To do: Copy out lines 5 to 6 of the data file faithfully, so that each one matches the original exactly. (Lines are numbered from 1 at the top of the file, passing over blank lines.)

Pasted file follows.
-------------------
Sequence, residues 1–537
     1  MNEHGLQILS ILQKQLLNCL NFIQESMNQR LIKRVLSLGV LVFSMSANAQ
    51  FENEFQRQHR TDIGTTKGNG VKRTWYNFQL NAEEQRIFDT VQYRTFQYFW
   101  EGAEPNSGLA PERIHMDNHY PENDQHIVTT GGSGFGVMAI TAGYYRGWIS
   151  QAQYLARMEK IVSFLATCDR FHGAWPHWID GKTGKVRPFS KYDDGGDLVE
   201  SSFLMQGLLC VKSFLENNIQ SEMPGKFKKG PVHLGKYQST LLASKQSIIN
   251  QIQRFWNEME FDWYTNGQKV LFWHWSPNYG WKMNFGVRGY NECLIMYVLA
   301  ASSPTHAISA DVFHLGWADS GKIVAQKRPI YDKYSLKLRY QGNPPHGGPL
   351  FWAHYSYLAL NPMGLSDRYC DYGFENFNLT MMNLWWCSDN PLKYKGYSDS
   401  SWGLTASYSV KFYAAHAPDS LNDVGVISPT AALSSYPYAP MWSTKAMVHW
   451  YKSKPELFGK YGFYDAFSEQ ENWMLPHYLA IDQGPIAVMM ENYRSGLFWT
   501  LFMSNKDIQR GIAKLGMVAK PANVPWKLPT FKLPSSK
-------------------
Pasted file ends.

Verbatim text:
   151  QAQYLARMEK IVSFLATCDR FHGAWPHWID GKTGKVRPFS KYDDGGDLVE
   201  SSFLMQGLLC VKSFLENNIQ SEMPGKFKKG PVHLGKYQST LLASKQSIIN